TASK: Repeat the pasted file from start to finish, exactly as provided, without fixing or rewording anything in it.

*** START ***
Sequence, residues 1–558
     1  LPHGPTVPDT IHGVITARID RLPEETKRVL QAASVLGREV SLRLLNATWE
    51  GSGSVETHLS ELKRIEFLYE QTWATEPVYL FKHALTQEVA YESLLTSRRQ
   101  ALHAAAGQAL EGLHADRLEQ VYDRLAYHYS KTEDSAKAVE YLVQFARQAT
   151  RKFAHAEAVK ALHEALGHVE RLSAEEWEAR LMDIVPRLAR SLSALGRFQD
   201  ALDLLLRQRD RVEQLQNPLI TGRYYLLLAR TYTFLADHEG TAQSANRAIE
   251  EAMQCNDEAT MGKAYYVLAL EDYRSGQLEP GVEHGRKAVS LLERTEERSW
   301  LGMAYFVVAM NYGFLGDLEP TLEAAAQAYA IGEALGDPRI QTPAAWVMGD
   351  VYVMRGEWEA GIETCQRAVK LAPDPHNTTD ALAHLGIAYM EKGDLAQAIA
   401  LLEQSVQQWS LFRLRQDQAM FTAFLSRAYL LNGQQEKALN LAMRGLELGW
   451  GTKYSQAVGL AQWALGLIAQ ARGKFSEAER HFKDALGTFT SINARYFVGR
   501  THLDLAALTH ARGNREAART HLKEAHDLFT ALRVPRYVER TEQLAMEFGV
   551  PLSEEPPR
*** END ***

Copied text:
Sequence, residues 1–558
     1  LPHGPTVPDT IHGVITARID RLPEETKRVL QAASVLGREV SLRLLNATWE
    51  GSGSVETHLS ELKRIEFLYE QTWATEPVYL FKHALTQEVA YESLLTSRRQ
   101  ALHAAAGQAL EGLHADRLEQ VYDRLAYHYS KTEDSAKAVE YLVQFARQAT
   151  RKFAHAEAVK ALHEALGHVE RLSAEEWEAR LMDIVPRLAR SLSALGRFQD
   201  ALDLLLRQRD RVEQLQNPLI TGRYYLLLAR TYTFLADHEG TAQSANRAIE
   251  EAMQCNDEAT MGKAYYVLAL EDYRSGQLEP GVEHGRKAVS LLERTEERSW
   301  LGMAYFVVAM NYGFLGDLEP TLEAAAQAYA IGEALGDPRI QTPAAWVMGD
   351  VYVMRGEWEA GIETCQRAVK LAPDPHNTTD ALAHLGIAYM EKGDLAQAIA
   401  LLEQSVQQWS LFRLRQDQAM FTAFLSRAYL LNGQQEKALN LAMRGLELGW
   451  GTKYSQAVGL AQWALGLIAQ ARGKFSEAER HFKDALGTFT SINARYFVGR
   501  THLDLAALTH ARGNREAART HLKEAHDLFT ALRVPRYVER TEQLAMEFGV
   551  PLSEEPPR